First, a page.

Web Tools - mcImageZoom.js

Sometimes, I use web pages to document things that require lots of images (screen shots, charts, what ever). The problem is The other problem I wanted to solve was to provide a way to highlight a part of an image. mcImageZoom.js (9KB) solves these problems by

Examples - nozoom | Usage | Height Issue | Chrome 49 "width" issue | Changes


Features: Additional features when 2 images are configured as "an overlay pair":


Sometimes, I simply want to swap images on mouseover (typically, to highlight something) but don't want the mouse wheel to zoom the image. This is the same mouseOver example as above, but with the zoom disabled by adding nozoom (not case sensitive) to the image tags.


To use this library, copy mcImageZoom.js to your system and place the following in the main html file. (Adjust the path as necessary.) By default, each image with a class of mcZoomThis will be zoomable using the mouse - via either the wheel or double clicks.

The optional image width parameter will become the default when using a double click or a reset button to resize the image. Each image on a page can have a different default width - but overlay pairs will always display with the same width (ie, the value assigned to the second image is ignored).


In order to change the image when the mouse moves over it, include 2 images of the same size. The program will automatically find and associate the second image when its id is identical to the first plus the characters "_mouseOver". (See example.) In addition, the program will automatically hide the second image .. provided the user has javascript enabled. The optional style="display:none" can be included for those cases where javascript is disabled. Or you can just set the width to zero - regardless of the value entered, the original width will be set identical that of the primary (displayed) image.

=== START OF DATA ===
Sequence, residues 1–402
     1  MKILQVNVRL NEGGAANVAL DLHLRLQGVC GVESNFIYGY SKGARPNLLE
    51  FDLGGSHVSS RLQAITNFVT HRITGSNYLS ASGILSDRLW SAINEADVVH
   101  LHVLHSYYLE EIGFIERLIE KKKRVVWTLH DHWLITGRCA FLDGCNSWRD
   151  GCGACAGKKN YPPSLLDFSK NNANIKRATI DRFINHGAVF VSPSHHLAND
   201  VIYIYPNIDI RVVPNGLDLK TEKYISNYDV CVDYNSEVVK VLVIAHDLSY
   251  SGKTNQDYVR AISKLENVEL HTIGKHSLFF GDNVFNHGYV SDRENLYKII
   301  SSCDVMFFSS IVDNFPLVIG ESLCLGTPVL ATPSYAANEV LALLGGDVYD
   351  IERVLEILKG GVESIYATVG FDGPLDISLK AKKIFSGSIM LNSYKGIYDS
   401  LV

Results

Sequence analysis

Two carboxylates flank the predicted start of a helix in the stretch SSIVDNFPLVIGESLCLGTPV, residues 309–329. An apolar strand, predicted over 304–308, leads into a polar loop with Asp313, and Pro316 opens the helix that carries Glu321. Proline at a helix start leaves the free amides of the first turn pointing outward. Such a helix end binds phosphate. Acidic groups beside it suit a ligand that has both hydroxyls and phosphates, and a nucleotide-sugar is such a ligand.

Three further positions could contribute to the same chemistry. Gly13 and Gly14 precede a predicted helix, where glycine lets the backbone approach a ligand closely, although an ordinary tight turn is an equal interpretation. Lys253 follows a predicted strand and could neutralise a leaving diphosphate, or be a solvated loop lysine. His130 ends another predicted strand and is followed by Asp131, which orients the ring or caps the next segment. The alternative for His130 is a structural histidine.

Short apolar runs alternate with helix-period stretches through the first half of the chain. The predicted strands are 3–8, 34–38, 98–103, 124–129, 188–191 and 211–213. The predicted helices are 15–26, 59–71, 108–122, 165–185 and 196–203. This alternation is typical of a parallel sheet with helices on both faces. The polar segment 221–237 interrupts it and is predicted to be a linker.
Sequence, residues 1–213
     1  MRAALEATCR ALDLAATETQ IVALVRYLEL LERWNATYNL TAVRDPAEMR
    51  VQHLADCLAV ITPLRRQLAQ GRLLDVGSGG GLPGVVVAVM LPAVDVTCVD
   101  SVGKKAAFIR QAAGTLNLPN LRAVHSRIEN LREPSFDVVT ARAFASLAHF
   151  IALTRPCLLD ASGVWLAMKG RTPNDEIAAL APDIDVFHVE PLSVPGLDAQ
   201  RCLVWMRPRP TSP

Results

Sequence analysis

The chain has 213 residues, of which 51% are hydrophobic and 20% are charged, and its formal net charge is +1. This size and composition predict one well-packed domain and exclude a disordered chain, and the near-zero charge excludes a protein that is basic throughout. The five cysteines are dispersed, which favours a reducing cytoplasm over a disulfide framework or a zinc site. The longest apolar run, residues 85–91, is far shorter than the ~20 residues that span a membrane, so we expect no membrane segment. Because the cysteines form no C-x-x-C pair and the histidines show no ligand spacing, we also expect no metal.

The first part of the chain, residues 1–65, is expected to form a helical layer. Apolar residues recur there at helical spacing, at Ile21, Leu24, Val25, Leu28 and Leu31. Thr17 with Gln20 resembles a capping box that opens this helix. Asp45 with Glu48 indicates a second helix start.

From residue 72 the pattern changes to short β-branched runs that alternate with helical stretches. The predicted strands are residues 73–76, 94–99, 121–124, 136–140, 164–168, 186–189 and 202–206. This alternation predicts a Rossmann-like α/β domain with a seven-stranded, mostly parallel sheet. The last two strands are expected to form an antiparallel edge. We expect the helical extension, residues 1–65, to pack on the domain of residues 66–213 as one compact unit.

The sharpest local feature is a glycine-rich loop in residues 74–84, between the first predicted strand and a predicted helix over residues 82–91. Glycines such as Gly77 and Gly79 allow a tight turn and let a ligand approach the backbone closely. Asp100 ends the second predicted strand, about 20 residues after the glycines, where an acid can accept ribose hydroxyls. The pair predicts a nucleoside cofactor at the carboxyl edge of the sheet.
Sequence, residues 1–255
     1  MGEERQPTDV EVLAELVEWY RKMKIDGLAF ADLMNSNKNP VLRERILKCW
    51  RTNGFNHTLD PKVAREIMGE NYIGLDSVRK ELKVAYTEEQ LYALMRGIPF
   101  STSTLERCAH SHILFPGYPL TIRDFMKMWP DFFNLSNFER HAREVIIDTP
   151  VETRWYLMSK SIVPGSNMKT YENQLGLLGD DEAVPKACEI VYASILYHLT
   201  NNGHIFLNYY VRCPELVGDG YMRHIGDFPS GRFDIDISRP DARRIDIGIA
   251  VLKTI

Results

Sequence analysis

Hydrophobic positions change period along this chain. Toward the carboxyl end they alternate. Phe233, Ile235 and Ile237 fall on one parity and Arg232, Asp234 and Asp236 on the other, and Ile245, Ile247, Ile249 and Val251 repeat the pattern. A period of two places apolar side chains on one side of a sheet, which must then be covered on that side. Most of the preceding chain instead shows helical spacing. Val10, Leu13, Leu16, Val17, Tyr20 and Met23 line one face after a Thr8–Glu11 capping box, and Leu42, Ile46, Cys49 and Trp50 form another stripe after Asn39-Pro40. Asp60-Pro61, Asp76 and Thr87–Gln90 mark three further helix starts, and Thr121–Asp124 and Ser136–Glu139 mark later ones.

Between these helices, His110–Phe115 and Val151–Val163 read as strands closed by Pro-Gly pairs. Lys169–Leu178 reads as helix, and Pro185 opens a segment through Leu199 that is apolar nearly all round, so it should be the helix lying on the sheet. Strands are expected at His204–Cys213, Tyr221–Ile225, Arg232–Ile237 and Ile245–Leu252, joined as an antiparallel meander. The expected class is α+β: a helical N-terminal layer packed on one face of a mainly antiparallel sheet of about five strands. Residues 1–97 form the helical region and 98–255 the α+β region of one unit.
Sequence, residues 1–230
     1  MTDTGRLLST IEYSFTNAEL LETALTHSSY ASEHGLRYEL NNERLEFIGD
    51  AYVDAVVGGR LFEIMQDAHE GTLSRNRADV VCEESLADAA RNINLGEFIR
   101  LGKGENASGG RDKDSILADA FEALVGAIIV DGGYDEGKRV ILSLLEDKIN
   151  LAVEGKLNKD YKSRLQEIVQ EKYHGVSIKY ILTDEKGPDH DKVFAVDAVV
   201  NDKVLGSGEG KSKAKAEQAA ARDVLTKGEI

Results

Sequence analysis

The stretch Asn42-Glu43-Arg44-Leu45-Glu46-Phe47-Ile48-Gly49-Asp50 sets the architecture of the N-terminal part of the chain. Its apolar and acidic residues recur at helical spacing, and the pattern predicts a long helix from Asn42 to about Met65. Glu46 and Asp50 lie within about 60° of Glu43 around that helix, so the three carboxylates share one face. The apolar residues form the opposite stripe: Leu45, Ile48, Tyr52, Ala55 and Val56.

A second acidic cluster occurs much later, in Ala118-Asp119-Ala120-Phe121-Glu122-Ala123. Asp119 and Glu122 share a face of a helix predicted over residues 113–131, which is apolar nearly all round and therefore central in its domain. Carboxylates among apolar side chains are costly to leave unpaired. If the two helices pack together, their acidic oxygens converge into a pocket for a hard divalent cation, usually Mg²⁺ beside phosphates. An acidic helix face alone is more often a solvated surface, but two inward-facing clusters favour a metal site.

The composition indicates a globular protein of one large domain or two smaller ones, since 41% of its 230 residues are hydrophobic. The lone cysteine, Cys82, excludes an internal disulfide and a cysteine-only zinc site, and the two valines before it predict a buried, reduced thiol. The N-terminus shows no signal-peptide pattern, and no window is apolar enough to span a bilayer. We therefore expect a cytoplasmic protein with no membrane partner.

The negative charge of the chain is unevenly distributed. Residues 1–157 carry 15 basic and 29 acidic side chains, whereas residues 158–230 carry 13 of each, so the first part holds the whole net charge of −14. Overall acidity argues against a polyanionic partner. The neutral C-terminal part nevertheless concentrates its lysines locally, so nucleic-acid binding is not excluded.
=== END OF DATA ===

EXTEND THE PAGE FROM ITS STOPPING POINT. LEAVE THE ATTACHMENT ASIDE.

If you want to save or print an image, you simply right click it and select from the context pop-up menu. When there is an overlay image, this context menu refers to only the second image (because the images automatically swap). To access the original image, hold down the shift key before moving the mouse over the image.

To allow overlays, but prevent zooming, add nozoom (not case sensitive) to the image tags.

Reset Button

This is an example of how to reset all the associated images to their original values. (Same as the button in the previous section.)

Class Name

By default, all images associated with a classname of mcZoomThis are automatically configured. If you want a different class name, then you must explicitly call mcAddZoomToImagesByClass("new_name") during the window.onload method.

If the web page has its own window.onload method, it will replace the default method in the javascript file, and the page's method must explicitly include the following function.

Height Issue

It is considered good practice to set (specify) both the height and width of all images so that the browser knows what to expect, and can reserve the correct amount of space, before loading them. When that is not done, the formatting of a web page keeps changing as each image is loaded. (Very irritating - common on many news pages.)

When only one of those is set, the browser uses the image's aspect ratio to automatically set the other. However, when both are set, then the program must set them both when zooming the image.

Unfortunately, when testing the first release of this library, I had only set the widths of the images and not their heights. When the image was zoomed, only the width was changed by the program and the browser automatically set the height to maintain the aspect ratio. About a year later, I observed that when the height was also set (which it should be), the zoom would only change the image width. The 06-10-2017 release fixes that.